Claymates, illustrated and photographed by Lauren Eldridge, written by Dev Petty, published by Little, Brown & Company, ISBN: 978-0316303118.
Sometimes certain picture books boggle my mind, making me wonder “how did this come together?” For example, what did Dev Petty’s manuscript for the clever and inventive Claymates look like when it arrived in the able hands of Lauren Eldridge? How many visual cues did Petty give Eldridge? Usually authors and illustrators don’t really meet with or talk to each other, but this work feels as if two talented minds got together and shared the same unified vision. I know, I know…I can probably do a search and find a making of Claymates article, but on another level: I want the mystery of this collaboration to remain a mystery.
Claymates is one delightfully strange book that celebrates creativity, taking chances, breaking the rules not only when it comes to art, but also when it comes to self-identity. Two balls on clay (one gray, the other brown, both with googly eyes) sit on a desk in a photographer’s (Eldridge’s I assume) studio. On the title page the gray blob of clay gives a smirking naughty sideways glance to the startled-looking brown blob who turns out to be a newbie in this creative space. I don’t know how Eldridge makes these characters so expressive in her photographs, but wow, each glance is extremely amusing. Just watch the gray one look pensive when the brown one asks “What do you think is going to happen?” and then giddy when it replies “Probably something wonderful.” Suddenly human hands appear, and they shape the clay balls into a gray wolf and a brown owl. After this interfering human leaves, the book explodes with zany comical energy as the gray character becomes rebellious, trying to convince its peer to join in some shape-changing mischief. And yowsah, do they ever transform themselves… into elephants, peanuts, an alien peanut, a dinosaur so large it cannot fit into the frame. Meanwhile, Petty’s amusing dialog appears on what looks like torn off pieces of post-it labels.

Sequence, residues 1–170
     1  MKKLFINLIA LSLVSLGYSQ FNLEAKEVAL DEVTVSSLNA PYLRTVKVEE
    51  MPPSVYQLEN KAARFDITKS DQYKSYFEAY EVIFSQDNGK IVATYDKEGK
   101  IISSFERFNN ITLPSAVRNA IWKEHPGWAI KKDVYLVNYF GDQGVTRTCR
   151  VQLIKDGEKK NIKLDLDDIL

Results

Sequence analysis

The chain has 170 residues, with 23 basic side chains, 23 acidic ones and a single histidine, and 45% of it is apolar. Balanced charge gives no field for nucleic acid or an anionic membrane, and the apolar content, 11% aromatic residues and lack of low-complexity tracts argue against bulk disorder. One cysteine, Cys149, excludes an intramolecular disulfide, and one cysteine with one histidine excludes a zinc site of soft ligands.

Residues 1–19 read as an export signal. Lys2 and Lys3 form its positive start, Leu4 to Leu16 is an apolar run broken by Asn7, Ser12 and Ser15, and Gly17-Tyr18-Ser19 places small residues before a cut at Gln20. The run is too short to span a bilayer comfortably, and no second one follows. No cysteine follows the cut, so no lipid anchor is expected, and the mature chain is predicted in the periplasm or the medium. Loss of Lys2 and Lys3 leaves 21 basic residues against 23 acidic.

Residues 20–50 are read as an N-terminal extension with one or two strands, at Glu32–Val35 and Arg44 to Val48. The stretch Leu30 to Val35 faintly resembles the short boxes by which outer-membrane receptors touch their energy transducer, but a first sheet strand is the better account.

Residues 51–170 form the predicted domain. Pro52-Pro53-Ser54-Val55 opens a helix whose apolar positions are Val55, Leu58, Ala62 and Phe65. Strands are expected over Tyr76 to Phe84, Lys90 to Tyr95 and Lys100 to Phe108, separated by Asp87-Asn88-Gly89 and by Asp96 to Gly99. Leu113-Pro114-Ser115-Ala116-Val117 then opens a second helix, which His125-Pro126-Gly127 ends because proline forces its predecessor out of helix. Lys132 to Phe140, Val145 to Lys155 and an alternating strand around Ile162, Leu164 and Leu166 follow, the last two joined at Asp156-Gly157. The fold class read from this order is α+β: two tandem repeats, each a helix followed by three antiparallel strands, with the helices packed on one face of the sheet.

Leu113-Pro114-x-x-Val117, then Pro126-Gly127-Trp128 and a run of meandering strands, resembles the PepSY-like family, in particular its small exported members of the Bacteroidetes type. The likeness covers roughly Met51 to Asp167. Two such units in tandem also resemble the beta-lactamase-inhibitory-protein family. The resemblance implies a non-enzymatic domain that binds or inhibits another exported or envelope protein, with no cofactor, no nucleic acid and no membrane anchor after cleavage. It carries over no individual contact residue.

I look at a LOT of picture books. I admire books that feel and look like no other, and Claymates emerges as it’s own unique self. Funny, the work it reminds me of most is the classic Daffy Duck cartoon “Duck Amuck.” The photography is crisp and clear (I love the blurs when they change shapes); the dialogue clever and lively; and the resolution perfect (the brown clay is hooked on creative rebellion–hurray!!!).